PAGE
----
Not too long from now it will be doable for not much more than the price of a butterfly net.

My view is based on accountability for results that mean something for more than a rarefied few academics, but also to spread available research funding around, yes, in smaller packets, but to many more people who might have crisper ideas.

Of course, you may not agree!

anthrobrew said...

I do agree, but I think a major source of the problem is the system that drives researchers to propose bigger and bigger projects. 10,000, as far as I can tell, is a completely arbitrary number chosen because it sounds impressive, and had to be bigger than the 1000 genomes project.

Expanding the number of vertebrate genomes could have profound effects on our ability to identify functionally important non-coding regions of the genome such as regulatory elements because comparisons of organisms of varying taxonomic distances is vital. So if the project had such a targeted goal it might be justifiable. This would require far fewer that 10,000 species, and would be more than simple beetle collecting. But it also requires a more nuanced understanding of the science and is therefore more difficult to sell to the public.

How can we reign in investigator's claims in a funding environment that seems to encourage and reward this kind of behavior? On the flip side, would the human genome project ever have gotten off the ground if we did? To a certain extent, grandiose claims do drive technological advances that allow even grandioser projects to be envisioned.

Ken Weiss said...

I basically agree. I am probably less convinced that sequence comparisons will do as as you say (about regulation) that can't be done by other approaches or, as you say fewer (far fewer) species. Regulatory regions move around and highly conserved ones may mainly already be detectable with sparser genome trees, where the background correlation is less than among closer species.

Anyway, the cultural aspect of science that leads to ever-grander claims as a strategy also means as a way of thinking, and that can distort the questions that are asked. Because it is part of our culture, it isn't going to be changed very much, if at all, by 'rational' arguments because that's not what it's about.

My other argument is about alternative uses of funds, research or otherwise, that don't get done because grandiose projects co-opt them. I prefer wider distribution of funding, to more people (and more junior people). And I think there's no reason not to prioritize, and delay things until their cost comes down. At $10 per sequence, nobody would complain about large-sample sequening. That day will come, in your career if not mine. And better, more focused, large-scale designs can be more definitive, more quickly anyway.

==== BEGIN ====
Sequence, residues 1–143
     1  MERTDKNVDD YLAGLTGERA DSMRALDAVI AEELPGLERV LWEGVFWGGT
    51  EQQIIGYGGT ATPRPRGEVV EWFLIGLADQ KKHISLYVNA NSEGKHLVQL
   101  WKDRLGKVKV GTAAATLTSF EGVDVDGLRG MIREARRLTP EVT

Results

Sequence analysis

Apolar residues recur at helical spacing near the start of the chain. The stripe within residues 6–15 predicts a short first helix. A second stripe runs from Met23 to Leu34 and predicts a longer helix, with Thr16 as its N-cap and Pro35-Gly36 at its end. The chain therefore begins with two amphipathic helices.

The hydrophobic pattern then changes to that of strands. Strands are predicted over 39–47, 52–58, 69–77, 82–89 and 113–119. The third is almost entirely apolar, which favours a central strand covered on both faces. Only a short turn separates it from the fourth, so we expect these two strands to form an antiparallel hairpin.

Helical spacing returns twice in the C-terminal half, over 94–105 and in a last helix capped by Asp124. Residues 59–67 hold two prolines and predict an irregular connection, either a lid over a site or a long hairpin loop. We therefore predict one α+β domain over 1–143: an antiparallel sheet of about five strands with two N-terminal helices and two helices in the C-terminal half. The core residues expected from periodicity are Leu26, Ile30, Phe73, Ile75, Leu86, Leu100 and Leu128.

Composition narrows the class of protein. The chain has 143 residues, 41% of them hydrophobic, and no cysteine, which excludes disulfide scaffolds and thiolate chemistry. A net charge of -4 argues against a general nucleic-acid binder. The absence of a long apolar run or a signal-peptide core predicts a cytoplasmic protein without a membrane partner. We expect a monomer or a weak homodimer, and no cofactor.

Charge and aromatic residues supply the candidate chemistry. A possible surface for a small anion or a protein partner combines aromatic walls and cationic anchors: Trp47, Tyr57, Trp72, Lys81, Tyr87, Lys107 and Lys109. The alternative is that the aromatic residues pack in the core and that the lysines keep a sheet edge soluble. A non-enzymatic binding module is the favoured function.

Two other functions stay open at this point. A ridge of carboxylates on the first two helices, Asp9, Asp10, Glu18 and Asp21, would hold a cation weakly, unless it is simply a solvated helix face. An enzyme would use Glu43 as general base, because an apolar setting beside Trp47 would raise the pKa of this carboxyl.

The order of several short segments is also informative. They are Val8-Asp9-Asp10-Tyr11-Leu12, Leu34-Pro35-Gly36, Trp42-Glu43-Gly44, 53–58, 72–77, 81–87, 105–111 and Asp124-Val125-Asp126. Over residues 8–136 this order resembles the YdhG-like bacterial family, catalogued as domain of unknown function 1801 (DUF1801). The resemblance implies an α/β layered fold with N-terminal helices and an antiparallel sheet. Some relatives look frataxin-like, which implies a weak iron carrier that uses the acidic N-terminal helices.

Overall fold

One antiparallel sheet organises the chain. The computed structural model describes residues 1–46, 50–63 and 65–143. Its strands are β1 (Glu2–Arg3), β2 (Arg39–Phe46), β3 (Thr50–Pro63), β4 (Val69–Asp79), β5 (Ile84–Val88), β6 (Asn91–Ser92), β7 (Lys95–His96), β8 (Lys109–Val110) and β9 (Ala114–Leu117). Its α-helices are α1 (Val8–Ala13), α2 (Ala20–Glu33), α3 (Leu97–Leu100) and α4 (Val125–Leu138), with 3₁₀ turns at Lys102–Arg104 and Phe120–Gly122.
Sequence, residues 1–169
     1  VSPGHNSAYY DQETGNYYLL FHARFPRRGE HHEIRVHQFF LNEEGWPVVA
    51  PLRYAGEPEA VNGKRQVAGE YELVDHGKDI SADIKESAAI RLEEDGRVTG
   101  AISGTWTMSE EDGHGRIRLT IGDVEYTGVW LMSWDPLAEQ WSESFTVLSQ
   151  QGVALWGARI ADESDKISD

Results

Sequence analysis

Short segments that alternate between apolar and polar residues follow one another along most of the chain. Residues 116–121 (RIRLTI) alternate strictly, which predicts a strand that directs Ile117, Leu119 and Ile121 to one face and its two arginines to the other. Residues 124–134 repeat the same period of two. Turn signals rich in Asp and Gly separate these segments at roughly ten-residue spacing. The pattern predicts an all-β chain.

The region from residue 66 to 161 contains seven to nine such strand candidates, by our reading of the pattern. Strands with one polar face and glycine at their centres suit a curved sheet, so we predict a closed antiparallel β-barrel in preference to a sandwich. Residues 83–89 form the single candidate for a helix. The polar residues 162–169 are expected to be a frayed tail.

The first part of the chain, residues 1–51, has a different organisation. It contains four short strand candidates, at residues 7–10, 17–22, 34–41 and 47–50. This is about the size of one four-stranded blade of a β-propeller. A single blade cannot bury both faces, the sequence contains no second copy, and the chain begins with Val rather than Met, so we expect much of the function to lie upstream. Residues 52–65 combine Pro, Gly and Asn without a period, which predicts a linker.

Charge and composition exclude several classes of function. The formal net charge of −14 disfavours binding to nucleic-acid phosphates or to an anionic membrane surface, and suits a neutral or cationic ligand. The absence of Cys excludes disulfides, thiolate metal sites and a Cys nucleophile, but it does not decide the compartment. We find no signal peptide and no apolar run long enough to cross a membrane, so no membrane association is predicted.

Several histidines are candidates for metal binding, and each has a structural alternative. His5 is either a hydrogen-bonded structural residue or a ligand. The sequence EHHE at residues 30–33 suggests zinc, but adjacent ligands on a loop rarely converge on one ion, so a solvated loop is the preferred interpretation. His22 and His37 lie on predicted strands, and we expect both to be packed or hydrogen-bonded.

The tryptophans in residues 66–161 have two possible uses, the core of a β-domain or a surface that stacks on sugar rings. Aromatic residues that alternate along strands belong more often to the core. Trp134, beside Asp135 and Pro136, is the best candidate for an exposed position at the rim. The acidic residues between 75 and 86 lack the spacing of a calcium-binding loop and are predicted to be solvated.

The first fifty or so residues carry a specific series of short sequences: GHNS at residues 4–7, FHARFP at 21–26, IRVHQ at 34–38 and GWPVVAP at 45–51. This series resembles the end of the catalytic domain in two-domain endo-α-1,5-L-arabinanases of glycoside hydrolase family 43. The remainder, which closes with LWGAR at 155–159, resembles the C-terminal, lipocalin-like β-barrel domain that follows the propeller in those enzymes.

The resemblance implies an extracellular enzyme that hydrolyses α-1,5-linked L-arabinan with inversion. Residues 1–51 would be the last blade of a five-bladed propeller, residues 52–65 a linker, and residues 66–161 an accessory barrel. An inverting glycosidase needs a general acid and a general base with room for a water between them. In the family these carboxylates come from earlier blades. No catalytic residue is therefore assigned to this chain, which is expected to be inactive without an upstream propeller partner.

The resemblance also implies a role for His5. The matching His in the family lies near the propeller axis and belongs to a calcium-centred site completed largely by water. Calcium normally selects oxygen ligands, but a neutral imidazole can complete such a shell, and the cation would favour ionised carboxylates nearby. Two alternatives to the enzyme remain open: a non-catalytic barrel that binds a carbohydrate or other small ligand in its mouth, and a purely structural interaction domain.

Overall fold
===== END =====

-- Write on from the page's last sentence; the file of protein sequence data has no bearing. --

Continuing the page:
I do think uncritical schemes like this, driven by no particular hypothesis, are just like beetle collecting.

Some good will always come of it (including career support for scientists), but I do raise the question of that, relative to the interests of the public who's paying the tab.

These, of course are subjective judgments. Indeed, my cost-estimating gaffe shows that like everyone else, I'm vulnerable to seeing things through my own lenses and biases.

Steve Bates said...

Ken, I came here to offer the same correction as Sam in his first comment, but more just to say hello after more than three decades. As you know, I have no qualifications to comment on the content of your blog, but I surely am enjoying reading it... the writing is superb and I presume the science is the same!

Ken Weiss said...

Yes, Steve, it was a dumb error and showed both that we didn't pay close enough attention, and that we are trapped, like everyone, in our own prejudices (less likely to catch mistakes that tend to support our own point of view).

Our basic point is not changed, however, that proliferation of more, largely for its own sake, is the way things are done these days, and investigators often know that's just what they're doing. That doesn't mean there is no value to the science, but is not the best way to set priorities.

But, to your main point, it's great to hear from you after so many years! I've heard a bit about you from Anne via the recent reunion with Nancy and good ol' Bob Schwartz, and it makes us nostalgic for our Houston days!

Let's keep in touch. Did you know our daughter is a musician, now in Barcelona training in baroque violin performance?